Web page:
Mahpiyawakankidan/John Eastman

“I have a young man, a Dakota, I wish to send to Beloit this fall to spend a year. His name is John Eastman. He is very studious, quiet, and orderly...He knows a good deal of English and is now ready to profit by a year among white people.” - Alfred Riggs

Rev. Mahpiyawakankidan/John Eastman (1849-1921)

Credit: National Anthropological Archives, Smithsonian Institute 

John Eastman was Beloit College’s first Native American student. A Santee Sioux from Redwood Falls, Minnesota, he was thirteen when he and his father Tawakanhdiota fled to Canada to escape what would later be known as the Dakota War of 1862. However, they were captured by military forces two years later and sent to a prison in Davenport, Iowa without trial or conviction. 

It was at the prison where Eastman would meet Rev. Stephen Riggs, who would later baptize him and Tawakanhdiota. With the persuasion of Riggs, President Lincoln pardoned the Eastmans, who then moved to the Flandreau Santee Sioux Reservation in South Dakota in 1866.

Camp Kearney in Davenport, Iowa, where John and his brother were kept for two years. The prison can be seen at the top left.

Credit: Minnesota Historical Society 

A letter to President Chapin from Alfred Riggs about wishing to send John Eastman to Beloit. 

Credit: Beloit College Archives

In 1870, Eastman walked 175 miles from Flandreau to the Santee Normal Training School to become one of the first to study under Alfred Riggs. 

 

Seeking to further assimilate his newest pupil, Riggs wrote to Aaron Chapin, then president of Beloit College, where Riggs’s younger brother Thomas had recently graduated from. The reverend, having already discussed the matter with Professors William Porter and Jackson Bushnell, asked Chapin to enroll Eastman in the college’s preparatory school. 

Riggs felt that at Beloit, Eastman could improve upon his English and “get an idea of Christian civilization” so the young boy could sooner become “a leader among [the Dakota] in things spiritual.” 

 

Chapin agreed to host Eastman, and under the sponsorship of Alfred’s father Stephen, Eastman attended Beloit’s preparatory school from 1871-1872.

Eastman as a student at Beloit.

Credit: Beloit College Archives

Eastman—along with fellow Beloit alumni Eli Abraham and James Garvie—wrote to President Grover Cleveland to express their displeasure with the 1887 ruling banning Native American languages from being taught in boarding school classrooms.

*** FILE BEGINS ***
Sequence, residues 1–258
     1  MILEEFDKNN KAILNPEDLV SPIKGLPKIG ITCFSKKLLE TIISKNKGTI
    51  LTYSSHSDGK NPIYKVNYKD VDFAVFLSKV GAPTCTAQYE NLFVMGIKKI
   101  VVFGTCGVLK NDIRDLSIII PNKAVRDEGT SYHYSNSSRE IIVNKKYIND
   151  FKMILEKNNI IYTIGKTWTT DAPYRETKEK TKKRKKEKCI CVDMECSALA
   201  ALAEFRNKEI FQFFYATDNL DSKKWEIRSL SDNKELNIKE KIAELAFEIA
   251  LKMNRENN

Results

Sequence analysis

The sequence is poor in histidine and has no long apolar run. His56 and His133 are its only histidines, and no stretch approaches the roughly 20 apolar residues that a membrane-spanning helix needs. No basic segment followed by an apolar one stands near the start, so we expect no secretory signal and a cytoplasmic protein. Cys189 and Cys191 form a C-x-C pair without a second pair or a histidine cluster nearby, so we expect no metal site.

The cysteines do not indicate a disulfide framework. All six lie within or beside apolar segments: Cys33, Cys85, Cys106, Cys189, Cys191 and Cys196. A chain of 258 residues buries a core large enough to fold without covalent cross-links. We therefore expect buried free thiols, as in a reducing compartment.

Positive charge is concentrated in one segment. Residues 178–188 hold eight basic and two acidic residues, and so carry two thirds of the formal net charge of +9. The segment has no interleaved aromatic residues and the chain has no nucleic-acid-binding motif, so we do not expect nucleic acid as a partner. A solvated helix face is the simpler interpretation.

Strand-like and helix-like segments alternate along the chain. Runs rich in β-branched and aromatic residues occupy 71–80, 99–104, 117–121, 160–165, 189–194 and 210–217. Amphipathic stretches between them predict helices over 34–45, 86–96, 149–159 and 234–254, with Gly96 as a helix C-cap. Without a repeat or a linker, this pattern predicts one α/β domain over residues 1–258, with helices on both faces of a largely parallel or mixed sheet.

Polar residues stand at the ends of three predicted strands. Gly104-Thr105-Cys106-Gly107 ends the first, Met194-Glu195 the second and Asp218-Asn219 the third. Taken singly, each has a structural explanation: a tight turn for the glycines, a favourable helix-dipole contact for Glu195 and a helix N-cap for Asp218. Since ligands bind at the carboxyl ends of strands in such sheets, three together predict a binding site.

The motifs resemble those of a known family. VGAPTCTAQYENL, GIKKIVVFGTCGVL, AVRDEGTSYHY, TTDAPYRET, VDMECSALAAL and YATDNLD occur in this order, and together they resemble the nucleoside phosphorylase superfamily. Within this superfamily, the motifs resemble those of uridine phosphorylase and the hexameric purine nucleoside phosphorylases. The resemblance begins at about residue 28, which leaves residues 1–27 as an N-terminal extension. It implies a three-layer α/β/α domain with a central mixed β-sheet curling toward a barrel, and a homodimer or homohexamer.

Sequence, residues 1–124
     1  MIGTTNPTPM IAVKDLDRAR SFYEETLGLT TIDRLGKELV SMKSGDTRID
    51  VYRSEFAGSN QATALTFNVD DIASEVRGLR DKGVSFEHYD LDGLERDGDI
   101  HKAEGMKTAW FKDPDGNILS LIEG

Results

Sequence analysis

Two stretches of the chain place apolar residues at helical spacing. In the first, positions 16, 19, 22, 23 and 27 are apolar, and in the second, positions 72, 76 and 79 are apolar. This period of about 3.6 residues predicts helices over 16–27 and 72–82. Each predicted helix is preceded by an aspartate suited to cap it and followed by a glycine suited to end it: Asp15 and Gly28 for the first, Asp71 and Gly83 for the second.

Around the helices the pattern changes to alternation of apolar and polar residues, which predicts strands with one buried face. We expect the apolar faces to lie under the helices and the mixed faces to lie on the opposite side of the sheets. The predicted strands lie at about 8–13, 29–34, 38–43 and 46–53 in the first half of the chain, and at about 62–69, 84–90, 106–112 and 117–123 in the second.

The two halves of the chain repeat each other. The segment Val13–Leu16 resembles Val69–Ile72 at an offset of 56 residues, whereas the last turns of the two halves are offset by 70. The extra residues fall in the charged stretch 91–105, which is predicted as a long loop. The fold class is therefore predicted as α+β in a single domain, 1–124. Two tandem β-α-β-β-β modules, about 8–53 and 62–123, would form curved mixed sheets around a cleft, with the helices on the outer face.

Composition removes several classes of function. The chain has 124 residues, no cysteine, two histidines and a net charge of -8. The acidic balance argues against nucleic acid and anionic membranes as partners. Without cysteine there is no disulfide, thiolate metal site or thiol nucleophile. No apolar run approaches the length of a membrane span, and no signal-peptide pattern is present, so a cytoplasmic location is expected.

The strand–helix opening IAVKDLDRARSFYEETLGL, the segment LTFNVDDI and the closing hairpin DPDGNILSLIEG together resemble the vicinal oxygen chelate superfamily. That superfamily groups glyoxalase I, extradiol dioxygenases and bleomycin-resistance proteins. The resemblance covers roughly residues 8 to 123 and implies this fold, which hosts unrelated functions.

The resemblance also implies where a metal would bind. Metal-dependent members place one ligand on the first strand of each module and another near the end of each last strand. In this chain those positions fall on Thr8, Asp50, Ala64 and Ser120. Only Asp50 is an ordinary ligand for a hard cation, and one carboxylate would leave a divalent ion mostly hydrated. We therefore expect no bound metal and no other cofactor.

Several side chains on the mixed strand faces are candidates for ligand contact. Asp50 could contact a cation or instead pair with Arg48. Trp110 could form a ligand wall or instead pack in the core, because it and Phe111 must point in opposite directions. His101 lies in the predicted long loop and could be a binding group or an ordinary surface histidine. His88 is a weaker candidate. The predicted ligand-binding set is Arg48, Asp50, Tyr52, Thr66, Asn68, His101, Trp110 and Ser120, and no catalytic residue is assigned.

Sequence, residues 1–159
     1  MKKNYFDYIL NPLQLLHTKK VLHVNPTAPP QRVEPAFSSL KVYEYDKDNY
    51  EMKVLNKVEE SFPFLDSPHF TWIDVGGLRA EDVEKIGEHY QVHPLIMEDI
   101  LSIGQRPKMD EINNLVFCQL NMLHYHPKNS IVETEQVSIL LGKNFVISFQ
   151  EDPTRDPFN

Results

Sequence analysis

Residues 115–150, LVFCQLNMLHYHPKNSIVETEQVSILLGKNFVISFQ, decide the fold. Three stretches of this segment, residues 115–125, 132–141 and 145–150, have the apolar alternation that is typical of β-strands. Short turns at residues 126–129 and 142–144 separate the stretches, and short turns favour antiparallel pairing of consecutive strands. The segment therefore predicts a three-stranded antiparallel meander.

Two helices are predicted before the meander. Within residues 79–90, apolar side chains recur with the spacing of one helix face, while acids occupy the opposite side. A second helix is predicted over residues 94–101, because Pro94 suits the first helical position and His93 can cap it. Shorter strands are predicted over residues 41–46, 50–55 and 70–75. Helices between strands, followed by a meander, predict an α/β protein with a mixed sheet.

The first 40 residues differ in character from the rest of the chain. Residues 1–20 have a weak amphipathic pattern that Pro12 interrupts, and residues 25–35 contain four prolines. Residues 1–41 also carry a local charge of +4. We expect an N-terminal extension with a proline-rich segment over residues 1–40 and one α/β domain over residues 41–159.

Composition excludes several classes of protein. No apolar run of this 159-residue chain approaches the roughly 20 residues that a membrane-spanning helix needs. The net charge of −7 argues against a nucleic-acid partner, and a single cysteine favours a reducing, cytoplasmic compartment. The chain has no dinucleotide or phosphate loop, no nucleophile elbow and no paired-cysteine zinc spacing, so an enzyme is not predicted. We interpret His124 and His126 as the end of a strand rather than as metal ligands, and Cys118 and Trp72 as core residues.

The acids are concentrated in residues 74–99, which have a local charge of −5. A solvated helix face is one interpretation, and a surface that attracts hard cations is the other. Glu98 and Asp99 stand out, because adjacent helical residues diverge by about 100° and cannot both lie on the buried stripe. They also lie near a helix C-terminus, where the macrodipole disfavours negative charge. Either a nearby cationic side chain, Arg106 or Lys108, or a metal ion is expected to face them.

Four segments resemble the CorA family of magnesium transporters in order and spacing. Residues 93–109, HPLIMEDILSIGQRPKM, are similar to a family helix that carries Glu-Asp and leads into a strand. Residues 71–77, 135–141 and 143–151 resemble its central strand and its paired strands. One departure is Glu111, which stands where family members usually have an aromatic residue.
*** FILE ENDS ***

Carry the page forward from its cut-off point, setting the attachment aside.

Credit: Beloit College Archives

After Beloit, Eastman returned to the Santee Normal Training School as an assistant teacher under Riggs. There, he would teach his brother Charles before returning home to Flandreau to teach at the River Bend Indian Day School. 

 

Shortly thereafter, Eastman became the pastor for Flandreau’s Presbyterian church, a position he held for 30 years. Known as an intelligent and gifted speaker, Eastman also served as the Reservation’s Indian agent. In this position, he represented the interests of Flandreau for the Office of Indian Affairs.

As an agent, he joined his brother Charles and fellow Beloit alum James Garvie in 1896 to represent the Flandreau and Santee Sioux in federal court. The three fought for money owed to their tribes, money Congress failed to give as punishment for the Dakota War of 1862—the same conflict Eastman fled from as a child. 

 

As his case in front of Congress lingered on, Eastman served as a Dakota missionary for four different states. He died in 1921 at the age of seventy-two at the Sisseton Sioux Reservation in South Dakota, three years before Congress conceded the money to his tribe.

Eastman as a Flandreau agent in 1879.

Credit: University of Minnesota Libraries

Background Image:  John Eastman (middle) with Yankton tribesman Isaac Omaha (left) and Owohenupa tribesman David Zephier in 1896.

Credit: Public Domain